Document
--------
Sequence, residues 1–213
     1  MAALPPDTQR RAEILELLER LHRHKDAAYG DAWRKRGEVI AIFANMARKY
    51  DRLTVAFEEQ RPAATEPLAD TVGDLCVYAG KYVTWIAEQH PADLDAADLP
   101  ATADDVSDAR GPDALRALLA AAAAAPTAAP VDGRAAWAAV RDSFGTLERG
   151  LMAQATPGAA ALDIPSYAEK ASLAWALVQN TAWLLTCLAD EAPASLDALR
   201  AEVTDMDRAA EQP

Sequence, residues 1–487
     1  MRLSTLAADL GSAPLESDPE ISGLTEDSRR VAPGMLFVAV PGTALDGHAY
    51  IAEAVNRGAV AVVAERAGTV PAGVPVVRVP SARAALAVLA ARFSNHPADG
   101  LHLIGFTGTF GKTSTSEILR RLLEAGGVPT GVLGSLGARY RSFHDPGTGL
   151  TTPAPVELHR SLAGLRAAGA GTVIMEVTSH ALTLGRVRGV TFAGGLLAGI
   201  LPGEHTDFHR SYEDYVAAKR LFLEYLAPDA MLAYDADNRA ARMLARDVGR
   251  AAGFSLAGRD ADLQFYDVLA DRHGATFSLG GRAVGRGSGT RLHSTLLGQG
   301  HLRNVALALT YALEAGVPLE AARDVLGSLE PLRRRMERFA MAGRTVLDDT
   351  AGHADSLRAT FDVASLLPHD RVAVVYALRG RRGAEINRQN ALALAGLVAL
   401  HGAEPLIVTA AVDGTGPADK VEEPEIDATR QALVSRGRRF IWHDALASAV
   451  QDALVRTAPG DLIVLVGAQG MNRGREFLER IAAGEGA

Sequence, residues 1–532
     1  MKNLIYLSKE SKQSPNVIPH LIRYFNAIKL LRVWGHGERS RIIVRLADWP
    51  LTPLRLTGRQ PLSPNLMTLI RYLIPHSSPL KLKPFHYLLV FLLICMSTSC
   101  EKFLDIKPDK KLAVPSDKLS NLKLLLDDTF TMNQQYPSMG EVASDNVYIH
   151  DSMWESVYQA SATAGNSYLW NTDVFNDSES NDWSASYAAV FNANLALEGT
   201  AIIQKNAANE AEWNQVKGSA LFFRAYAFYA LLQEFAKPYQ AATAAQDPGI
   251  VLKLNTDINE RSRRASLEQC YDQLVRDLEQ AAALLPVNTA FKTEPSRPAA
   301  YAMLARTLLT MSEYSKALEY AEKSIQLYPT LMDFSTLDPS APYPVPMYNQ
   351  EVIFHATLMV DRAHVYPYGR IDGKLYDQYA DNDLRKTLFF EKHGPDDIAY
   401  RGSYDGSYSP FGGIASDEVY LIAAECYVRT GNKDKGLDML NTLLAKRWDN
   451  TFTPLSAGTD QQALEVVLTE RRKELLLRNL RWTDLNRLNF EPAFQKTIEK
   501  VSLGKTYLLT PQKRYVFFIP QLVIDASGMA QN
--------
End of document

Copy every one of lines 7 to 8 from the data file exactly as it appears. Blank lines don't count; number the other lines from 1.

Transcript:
Sequence, residues 1–487
     1  MRLSTLAADL GSAPLESDPE ISGLTEDSRR VAPGMLFVAV PGTALDGHAY